|Dr Kathy Carpenter, who is 44 when we first meet her, is the narrator throughout. She had joined a convent at the age of 17 and stayed there for 12 years. As a psychologist had told her on her entry, "I would have little difficulty with the vows of poverty and chastity but the vow of obedience would be a problem for me." The nuns had particularly welcomed her as she was the only black woman there so would "validate the community as open and non-discriminatory". But in the end she finally realised that, although she had valued convent life, she "didn't connect" and asked for permission to be released from her vows. Then, almost 10 years before we meet her, she had entered into a happy marriage with Jon, a white university provost.
She says she has an intense character and a "life-as-a-learning-laboratory stance that worked well while I was in the convent but did not always serve me well in life beyond convent walls". She had been "a straight-A student throughout my educational experience" and had wanted to be a psychologist from the age of 10. Even at the convent she had "managed to get to junior year in college with enough credits to complete a psychology major". Like the author, she subsequently earned a doctorate and was intent on becoming a successful psychologist as well as a "best-selling author and local TV personality". Although small in stature, she makes a determined investigator.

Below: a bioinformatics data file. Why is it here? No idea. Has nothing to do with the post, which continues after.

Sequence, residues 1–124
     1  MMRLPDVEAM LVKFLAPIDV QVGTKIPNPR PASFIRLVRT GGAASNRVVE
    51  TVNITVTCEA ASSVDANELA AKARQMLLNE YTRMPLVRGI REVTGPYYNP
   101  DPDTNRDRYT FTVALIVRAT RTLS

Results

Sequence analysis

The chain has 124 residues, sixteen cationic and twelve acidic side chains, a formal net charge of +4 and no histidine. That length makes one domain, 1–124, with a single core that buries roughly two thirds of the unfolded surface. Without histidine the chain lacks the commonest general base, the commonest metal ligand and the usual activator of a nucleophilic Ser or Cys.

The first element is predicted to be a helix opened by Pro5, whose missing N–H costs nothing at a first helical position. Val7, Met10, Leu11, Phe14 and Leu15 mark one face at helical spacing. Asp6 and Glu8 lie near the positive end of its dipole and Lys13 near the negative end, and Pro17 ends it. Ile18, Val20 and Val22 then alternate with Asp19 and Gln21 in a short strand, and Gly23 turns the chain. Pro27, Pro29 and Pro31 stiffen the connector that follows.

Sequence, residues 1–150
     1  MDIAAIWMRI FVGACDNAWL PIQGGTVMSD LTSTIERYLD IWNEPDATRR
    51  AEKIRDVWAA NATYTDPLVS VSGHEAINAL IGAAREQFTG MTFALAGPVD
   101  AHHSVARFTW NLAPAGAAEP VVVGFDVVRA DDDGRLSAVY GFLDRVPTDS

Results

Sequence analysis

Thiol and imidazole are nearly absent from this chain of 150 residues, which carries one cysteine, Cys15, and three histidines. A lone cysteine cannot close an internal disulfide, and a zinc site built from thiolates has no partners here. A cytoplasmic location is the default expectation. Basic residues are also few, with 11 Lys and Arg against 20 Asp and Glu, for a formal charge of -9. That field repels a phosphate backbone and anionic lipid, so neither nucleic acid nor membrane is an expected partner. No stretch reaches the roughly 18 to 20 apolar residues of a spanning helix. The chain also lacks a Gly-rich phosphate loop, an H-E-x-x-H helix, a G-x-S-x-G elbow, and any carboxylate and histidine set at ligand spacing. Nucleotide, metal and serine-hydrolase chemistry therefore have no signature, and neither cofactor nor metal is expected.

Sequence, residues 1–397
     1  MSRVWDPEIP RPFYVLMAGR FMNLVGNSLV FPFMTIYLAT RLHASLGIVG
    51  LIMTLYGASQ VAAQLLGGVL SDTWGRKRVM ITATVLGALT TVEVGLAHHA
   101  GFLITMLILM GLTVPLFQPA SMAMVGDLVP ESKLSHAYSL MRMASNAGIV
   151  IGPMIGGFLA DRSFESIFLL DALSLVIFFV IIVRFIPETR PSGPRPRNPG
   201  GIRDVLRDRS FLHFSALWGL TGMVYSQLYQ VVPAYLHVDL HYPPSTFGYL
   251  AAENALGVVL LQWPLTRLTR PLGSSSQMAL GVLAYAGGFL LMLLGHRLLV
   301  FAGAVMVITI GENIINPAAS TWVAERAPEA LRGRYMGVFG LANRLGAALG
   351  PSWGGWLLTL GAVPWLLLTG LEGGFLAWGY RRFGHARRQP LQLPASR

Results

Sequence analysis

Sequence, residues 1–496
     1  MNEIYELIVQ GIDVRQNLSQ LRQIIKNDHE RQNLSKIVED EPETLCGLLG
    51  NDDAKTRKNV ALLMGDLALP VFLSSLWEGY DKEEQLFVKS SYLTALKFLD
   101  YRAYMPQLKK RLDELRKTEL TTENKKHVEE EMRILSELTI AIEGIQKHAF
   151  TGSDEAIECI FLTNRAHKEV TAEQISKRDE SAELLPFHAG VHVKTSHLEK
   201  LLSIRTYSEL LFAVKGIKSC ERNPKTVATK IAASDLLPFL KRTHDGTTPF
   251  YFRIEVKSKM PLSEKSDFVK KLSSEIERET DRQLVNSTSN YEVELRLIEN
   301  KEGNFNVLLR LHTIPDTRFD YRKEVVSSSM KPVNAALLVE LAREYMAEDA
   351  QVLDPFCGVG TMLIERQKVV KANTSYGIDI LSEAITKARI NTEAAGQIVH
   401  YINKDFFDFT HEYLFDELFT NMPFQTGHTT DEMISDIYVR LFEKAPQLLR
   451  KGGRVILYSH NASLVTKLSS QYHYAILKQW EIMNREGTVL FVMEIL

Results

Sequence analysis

Dr Deborah Plummer Bussey, the daughter of immigrant parents, grew up in an inner city Cleveland working-class black neighborhood. After high school she went on to spend 13 years as a nun living in a largely white religious community. She went on to study at the University of Massachusetts Medical School in New England. She holds a Master of Education degree in community consultation and a doctorate in psychology.
She later developed a career as psychologist and human resources professional with expertise in diversity management and organizational development. She had experience of working as a chief diversity officer, university professor, director of a graduate degree program, and a staff psychologist before founding D.L. Plummer & Associates, a consulting firm specializing in diversity management and organizational development.